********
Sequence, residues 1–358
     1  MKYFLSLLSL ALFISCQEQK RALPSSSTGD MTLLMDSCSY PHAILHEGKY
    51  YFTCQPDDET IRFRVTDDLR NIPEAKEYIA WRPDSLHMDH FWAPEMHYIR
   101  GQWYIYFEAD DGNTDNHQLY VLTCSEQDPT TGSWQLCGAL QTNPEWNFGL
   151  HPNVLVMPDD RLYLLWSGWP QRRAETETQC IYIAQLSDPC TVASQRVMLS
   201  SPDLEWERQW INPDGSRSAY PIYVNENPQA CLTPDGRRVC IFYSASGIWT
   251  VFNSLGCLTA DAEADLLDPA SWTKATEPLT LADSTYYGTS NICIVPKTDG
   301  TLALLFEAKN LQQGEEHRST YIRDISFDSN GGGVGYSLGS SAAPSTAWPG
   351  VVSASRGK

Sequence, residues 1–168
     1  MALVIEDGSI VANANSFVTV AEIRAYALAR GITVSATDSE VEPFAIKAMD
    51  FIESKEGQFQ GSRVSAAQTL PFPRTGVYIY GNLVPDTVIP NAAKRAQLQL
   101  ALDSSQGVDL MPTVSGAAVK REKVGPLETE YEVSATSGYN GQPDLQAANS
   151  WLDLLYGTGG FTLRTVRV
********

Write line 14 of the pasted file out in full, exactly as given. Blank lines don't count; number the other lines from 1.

   151  WLDLLYGTGG FTLRTVRV